South Korea’s beauty standard is presented to be nearly impossible, where women have no natural means of achieving. This is conveyed in the idol – singer trainee’s monologue “Damn, I gained some weight … How long do I have to starve?” Her distaste with her body triggers a response of palpable disappointment in her. This reveals the degenerative effects of such self-loathing thoughts, basing her self-worth on the numbers on the scale.
Sweet Home presents a singular solution to reconcile the differences between her ideal and the actual body, by succumbing to monsterisation. However, this makes it so that the only way she becomes beautiful is to Other herself. Monsterisation offers her an opportunity to “achieve” beauty in her subconscious, but it comes with the cost of the transformation of her physical self to the Other — a nauseatingly sickly figure with discoloured limbs and sharp claws. This reinforces the author’s point that the only way to achieve beauty; or perfection is to arrive at a contradiction. In other words, it is impossible. The pursuit is meaningless as it only brings about irreconcilable psychological damage to the individual in the process.
Reductiveness and The Public Gaze — Insecurity and Ugliness
Sweet Home takes the negative impacts of self-Othering a step further, showing how it causes an obsession that has reductive properties on the Self, causing psychological anxiety in individuals in Korean society. The reductive effect on individuals is explored in the intrusion of the public gaze. In Multiple Exposures: Korean Bodies and the Transnational Imagination, Epstein and Joo explain about the ideal Korean man’s “highly prescriptive regimes of the body” . (Epstein and Joo, 2017, p. 17)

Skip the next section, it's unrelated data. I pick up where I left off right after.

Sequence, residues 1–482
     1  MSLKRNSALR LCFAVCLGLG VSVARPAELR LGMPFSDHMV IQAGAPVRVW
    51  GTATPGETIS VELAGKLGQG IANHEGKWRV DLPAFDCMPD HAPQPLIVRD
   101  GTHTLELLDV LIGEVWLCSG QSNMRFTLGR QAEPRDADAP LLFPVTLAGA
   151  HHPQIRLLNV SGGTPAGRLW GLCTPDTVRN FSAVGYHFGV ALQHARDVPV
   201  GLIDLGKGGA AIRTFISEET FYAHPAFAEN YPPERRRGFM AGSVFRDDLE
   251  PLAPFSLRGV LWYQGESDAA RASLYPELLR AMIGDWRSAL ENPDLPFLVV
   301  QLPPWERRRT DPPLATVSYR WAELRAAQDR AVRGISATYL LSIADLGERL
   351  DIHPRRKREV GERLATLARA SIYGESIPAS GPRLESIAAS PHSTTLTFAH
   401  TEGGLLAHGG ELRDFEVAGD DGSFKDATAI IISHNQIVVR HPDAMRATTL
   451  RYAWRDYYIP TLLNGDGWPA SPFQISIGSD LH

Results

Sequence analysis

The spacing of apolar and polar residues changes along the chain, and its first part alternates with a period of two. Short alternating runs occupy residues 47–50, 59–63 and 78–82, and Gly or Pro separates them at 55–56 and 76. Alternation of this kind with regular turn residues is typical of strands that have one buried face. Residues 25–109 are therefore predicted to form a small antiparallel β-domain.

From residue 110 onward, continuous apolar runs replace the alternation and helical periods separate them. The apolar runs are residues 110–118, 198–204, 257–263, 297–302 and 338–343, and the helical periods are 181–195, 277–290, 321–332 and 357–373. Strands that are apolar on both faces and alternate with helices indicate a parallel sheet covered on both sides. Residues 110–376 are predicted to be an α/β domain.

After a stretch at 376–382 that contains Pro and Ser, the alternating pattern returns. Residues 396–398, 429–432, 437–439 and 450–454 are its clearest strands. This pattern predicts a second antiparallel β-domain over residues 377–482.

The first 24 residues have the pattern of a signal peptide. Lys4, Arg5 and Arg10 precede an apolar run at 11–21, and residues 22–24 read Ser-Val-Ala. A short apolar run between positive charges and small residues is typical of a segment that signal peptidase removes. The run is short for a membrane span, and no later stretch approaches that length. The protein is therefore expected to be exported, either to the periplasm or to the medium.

A “muscular nude torso, featuring well-oiled skin that is smooth and firm, bulging pectorals, highly defined abdominal muscles, and chiseled arms” (Epstein and Joo, 2017, p. 4) as well as the commodification of the body best illustrated by Korea’s “momgap” (price of men’s body) — are used to denominate their value.
Here, reductiveness is indicated by the stringent set of physical criteria to be considered as ideal under others’ gazes. The public gaze now becomes a weapon against individuals, subjecting them to unnecessary scrutiny and commodification. The male model Ryu is paradigmatic of this. During monsterisation, Ryu looked into the mirror, but the shock from the ugly Other was so great that his monsterisation symptoms receded temporarily. This is significant in highlighting the physical revulsion that the Self harbours towards Other, revealing the potency of judgement, even from one’s gaze. This revulsion intensified his psychological need to look desirable to others, manifested in his monstrous Other’s incessant questioning, repeating “Do I look good?” The dependence on society to prove his self-worth, exposes that he is unable to function without validation. This reveals how the intrusiveness of the public gaze leads to crippling societal pressure which damages the male figure.
Monsteristaion and Surgery: Extreme Modification And Depersonalisation Of The Body